I never cease to be amazed at how many decisions a good chief of staff makes for a U.S. senator without consultation. Given the hundreds of small and large requests a senator receives daily, this is an essential function. It is also the epitome of judgment in serving a leader: knowing when you can speak for the leader and when you had better consult her. It takes courage to serve as a close aide to a senior leader. If you bother leaders with too many matters, you will squander their energy; if you fail to bring things that they need to know to their attention, you may blindside them, causing embarrassment or calamity.
In many organizational cultures, when things go wrong someone has to pay, to be offered up as a sacrifice, and it may be you. In the British and other governments, it is customary for a minister to resign if there has been a scandal that could tar the prime minister. Like chess, the bishops and rooks are offered to save the king.
At the same time, you may never get all of the credit for the hard work you do. Some of it is done in the leader’s name and it is she who presents the ideas to the board or the press. Yet if the leader falls from favor, as a close aide you may go down with her.
Some people prefer a safe backwater in the organization, and you can hardly blame them. Those closest to a leader often live with a high level of stress. One senator, who retained a consulting group I directed, has very high standards and equally volatile emotions. A minivan driver, who had been hired for the day to take the senator and some of his staff to a string of speaking engagements, listened as the senator repeatedly upbraided his staff about various details. “I get it!” the driver said to one of the staff who stayed behind during one speech. “You put up with this because they pay you a million dollars a year!” It was the only way he could imagine anyone would voluntarily put up with that kind of stress.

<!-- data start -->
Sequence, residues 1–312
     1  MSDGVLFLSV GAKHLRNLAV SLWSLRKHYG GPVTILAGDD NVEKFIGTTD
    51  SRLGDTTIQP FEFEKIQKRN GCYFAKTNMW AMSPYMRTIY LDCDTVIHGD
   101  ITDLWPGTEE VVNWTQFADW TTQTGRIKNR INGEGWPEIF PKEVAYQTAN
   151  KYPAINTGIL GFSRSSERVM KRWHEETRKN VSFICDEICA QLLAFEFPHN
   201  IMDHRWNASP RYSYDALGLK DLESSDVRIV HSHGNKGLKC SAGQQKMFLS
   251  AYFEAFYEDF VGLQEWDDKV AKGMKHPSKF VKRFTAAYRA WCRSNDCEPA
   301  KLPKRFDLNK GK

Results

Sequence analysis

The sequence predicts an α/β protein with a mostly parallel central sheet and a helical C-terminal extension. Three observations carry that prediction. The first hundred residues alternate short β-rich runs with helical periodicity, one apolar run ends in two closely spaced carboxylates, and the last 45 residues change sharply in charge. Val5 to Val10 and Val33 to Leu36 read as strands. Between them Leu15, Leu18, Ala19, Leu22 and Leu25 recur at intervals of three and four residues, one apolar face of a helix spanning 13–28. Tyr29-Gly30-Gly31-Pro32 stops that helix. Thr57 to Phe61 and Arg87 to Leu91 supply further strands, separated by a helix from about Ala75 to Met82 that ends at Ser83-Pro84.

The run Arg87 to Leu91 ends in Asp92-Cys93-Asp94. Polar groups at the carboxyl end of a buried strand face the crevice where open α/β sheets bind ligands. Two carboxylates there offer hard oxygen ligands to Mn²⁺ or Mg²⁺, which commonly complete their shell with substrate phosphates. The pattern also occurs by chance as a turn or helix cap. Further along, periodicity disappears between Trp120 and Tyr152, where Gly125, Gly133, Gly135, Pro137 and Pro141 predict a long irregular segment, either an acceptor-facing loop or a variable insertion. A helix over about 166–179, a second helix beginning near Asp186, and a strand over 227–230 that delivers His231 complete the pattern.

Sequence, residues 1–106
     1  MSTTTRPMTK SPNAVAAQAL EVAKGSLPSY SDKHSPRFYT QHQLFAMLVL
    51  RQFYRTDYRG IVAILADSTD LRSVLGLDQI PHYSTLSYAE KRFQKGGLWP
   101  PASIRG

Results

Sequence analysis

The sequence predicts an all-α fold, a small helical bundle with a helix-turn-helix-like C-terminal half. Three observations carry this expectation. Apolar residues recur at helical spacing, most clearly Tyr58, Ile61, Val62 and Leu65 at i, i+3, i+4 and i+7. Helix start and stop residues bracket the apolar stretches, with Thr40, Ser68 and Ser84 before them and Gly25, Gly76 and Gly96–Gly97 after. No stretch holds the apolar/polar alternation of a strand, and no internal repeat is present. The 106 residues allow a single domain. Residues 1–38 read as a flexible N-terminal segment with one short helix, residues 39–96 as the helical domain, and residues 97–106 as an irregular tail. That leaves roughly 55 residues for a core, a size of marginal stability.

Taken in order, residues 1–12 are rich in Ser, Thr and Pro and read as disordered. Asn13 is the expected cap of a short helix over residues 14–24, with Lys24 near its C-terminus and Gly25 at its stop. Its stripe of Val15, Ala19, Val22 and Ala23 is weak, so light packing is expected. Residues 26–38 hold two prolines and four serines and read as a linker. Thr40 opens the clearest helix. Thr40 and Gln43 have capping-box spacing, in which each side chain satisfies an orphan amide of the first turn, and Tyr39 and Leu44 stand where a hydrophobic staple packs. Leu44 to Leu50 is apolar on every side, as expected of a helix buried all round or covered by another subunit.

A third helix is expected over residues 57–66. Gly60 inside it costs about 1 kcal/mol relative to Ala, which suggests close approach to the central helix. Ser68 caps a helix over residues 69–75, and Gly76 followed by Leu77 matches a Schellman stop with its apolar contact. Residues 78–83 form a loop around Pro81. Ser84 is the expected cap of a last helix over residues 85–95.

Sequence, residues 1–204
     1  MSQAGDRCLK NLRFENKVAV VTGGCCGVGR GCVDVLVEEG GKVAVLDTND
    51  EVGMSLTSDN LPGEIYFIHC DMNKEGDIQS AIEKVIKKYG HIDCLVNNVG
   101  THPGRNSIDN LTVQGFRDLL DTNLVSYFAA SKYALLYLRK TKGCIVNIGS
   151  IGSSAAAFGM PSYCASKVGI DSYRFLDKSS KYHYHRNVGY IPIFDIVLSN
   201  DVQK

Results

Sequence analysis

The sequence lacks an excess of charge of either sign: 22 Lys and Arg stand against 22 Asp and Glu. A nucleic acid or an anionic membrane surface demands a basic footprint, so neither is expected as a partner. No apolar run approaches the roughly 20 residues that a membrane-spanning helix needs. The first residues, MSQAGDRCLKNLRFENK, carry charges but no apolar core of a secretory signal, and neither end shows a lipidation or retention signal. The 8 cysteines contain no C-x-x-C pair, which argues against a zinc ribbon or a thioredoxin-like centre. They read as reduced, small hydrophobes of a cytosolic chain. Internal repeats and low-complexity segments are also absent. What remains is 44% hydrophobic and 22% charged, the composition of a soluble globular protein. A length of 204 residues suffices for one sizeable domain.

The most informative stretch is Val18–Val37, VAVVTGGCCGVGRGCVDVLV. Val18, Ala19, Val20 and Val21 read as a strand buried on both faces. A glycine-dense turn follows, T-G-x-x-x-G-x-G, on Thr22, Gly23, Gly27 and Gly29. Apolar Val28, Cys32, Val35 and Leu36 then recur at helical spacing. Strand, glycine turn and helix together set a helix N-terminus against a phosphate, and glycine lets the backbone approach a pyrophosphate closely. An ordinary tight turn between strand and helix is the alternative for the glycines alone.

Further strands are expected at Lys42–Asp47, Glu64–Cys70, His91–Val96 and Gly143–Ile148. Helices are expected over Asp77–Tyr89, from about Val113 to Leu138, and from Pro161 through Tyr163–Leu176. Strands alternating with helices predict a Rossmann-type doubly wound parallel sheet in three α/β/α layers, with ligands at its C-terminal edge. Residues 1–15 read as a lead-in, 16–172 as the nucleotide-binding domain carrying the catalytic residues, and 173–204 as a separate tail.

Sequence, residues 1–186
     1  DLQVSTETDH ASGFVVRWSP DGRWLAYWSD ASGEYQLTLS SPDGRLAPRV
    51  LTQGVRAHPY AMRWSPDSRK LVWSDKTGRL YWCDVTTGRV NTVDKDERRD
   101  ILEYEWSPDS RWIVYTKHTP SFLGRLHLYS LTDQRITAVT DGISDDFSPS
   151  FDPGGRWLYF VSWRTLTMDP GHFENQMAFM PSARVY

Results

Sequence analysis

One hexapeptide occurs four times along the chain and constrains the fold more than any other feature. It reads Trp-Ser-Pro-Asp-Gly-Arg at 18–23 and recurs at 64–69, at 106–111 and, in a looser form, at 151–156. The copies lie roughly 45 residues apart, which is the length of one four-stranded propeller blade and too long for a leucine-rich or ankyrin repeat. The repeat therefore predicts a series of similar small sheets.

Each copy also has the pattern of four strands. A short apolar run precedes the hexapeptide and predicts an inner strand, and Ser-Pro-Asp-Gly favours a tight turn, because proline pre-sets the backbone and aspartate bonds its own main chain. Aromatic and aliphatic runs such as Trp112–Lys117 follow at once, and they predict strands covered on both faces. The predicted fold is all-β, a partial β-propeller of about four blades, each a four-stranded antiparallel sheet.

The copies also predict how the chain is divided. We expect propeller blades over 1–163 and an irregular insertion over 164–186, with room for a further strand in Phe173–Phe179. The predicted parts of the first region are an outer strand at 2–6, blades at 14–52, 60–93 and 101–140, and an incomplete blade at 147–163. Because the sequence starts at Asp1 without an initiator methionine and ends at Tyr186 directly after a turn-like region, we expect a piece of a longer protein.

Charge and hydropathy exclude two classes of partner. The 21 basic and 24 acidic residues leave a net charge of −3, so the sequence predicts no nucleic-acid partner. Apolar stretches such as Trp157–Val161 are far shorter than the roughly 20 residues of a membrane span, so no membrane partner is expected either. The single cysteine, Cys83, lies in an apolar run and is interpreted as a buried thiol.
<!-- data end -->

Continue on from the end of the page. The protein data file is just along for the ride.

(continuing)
There is art to serving a dynamic leader. Done well, with superior skill, both our stress level and the leader’s can be kept down and creative energy can be maximized. Brilliant support contributes as much to an organization’s ability to fulfill its purpose as does brilliant leadership. Too often, I’ve seen leaders grow increasingly overworked, frustrated, and ill-tempered. They haven’t known how to get the support they need. Whether the leader asks for it or not, followers need to give the leader the support she needs and help her if she doesn’t know how to accept it.
Serving a leader is a complex task. It demands a high degree of organizational know-how. It requires helping the leader manage time and information. It calls for vigorously projecting the leader’s values and message. It asks for great judgment, even wisdom. And it can necessitate being very cool under fire.
In the years that I have conducted courageous follower workshops, I have learned that, too often, group members feel powerless to influence leaders and are too quick to dismiss leaders with whom they have become disenchanted. Sometimes, the first step to improving these relationships lies not in challenging the leader’s behavior or policies, but in showing care and concern for the leader. Find ways to meet the leader’s expectations and reduce her stress levels. When trust and goodwill are strengthened in this way, opportunities will present themselves in due course for addressing sensitive issues.